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Domestic violence protection may be harder for LGBT victims

Domestic violence in North Carolina is defined as attempting to or intentionally causing bodily injury or threatening to do so to a family member or a romantic partner of the opposite sex. This definition fails to take into account those who are part of the lesbian, gay, bisexual and transgender (LGBT) community. This omission puts LGBT individuals in danger for domestic violence. In fact, the federal Center for Disease Control and Prevention conducted a survey in 2010 in which they found that members of the LGBT community are just as likely if not more likely to be victims of domestic and sexual violence in their relationships.

North Carolina is one of only three states that denies domestic violence protective orders (DVPOs) to those who are not in a heterosexual relationship. The only way members of the LGBT community are able to be protected is by Civil No-Contact Orders. However, these orders do not provide the same protection that DVPOs do. Most notably, those who violate a DVPO twice face felony charges while those who violate a Civil No-Contact Order are only guilty of contempt of court in a civil case.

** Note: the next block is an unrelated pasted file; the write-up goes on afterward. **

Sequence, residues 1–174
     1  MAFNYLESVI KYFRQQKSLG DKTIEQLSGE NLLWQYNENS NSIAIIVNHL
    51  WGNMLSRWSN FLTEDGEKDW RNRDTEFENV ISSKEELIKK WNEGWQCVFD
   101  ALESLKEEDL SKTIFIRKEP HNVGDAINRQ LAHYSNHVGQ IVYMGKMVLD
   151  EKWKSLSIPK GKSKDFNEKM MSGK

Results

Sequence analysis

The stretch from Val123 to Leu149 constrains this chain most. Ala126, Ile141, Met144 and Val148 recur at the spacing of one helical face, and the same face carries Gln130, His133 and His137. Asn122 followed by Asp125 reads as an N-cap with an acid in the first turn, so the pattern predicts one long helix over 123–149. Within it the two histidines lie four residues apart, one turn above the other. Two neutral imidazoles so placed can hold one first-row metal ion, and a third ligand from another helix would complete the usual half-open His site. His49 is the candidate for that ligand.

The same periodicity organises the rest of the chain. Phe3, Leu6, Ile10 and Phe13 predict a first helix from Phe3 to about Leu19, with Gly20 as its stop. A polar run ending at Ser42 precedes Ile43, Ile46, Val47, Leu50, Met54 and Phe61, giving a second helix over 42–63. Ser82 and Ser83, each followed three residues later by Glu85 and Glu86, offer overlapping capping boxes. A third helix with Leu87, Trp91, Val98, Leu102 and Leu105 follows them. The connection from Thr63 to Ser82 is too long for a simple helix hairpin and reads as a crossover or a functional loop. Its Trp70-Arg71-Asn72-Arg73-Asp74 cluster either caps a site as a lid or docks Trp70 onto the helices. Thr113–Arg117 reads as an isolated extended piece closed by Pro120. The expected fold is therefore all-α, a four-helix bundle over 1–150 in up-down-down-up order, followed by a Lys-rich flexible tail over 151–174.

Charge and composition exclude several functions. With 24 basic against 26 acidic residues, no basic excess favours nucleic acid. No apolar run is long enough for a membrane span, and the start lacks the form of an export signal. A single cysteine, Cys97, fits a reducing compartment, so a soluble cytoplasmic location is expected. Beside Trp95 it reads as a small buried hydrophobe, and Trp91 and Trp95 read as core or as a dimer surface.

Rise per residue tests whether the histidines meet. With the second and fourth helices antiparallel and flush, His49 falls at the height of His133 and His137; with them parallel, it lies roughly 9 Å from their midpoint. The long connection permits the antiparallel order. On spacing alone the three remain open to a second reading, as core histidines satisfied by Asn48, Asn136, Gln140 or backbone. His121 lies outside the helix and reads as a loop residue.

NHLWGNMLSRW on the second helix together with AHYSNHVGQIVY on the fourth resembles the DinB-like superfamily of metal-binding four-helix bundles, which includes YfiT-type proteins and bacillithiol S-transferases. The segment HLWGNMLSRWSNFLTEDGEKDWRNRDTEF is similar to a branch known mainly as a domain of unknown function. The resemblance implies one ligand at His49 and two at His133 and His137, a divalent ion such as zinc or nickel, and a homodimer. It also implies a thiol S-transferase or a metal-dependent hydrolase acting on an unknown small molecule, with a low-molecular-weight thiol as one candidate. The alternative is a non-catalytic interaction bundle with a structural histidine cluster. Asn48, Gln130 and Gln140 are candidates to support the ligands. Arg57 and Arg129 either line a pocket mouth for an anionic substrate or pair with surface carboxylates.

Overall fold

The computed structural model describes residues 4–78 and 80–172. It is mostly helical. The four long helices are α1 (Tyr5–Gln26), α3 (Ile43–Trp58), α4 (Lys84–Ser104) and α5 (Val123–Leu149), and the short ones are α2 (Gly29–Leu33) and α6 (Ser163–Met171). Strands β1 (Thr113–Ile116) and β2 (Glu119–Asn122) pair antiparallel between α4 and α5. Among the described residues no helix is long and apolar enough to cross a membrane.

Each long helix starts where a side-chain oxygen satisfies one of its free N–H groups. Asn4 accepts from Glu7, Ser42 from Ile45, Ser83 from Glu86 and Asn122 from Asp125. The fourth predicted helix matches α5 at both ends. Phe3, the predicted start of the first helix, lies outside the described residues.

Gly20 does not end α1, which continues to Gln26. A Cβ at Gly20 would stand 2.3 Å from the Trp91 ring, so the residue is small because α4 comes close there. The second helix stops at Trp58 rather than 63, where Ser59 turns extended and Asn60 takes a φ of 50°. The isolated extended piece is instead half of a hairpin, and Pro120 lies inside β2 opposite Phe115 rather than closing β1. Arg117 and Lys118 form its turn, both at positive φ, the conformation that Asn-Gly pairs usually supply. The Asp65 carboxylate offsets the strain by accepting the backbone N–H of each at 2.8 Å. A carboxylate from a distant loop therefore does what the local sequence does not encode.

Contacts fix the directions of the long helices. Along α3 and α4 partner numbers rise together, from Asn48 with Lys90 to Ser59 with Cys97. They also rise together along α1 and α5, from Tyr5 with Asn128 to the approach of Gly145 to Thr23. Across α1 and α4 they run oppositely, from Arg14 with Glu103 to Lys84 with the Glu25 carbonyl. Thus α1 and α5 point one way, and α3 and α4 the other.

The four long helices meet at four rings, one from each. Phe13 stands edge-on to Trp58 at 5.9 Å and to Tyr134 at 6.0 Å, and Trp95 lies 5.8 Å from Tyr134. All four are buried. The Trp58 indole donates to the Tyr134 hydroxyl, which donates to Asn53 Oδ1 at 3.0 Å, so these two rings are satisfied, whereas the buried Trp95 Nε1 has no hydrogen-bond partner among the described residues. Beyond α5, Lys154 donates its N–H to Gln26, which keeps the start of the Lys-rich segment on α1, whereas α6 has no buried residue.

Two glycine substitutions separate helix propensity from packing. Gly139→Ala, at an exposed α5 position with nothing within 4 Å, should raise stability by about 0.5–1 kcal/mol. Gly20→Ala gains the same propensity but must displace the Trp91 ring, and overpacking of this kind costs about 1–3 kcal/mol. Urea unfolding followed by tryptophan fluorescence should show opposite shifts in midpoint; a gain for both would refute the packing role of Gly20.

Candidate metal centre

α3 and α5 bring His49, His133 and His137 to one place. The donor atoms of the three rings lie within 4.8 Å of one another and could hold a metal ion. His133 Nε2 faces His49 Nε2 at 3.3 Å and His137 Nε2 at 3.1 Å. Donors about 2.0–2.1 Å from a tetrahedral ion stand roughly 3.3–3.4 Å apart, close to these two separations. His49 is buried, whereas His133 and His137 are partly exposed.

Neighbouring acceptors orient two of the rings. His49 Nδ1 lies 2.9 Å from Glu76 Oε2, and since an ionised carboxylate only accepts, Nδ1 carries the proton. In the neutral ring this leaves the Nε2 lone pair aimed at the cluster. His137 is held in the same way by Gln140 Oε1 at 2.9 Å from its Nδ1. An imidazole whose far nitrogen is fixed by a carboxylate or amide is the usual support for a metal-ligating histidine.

These differences have prompted concerned citizens to complain about the perceived discrimination. They argue that a person's sexual orientation should have no bearing on his or her right to protection from domestic violence.

If you are in a same-sex relationship and have been the victim of domestic violence, you may wish to consult with an attorney experienced in family law to discuss your options for relief and protection.

Source: News Observer, "NC allows dangerous discrimination against LGBT victims of domestic violence," Karen Kranbuehl, June 22, 2014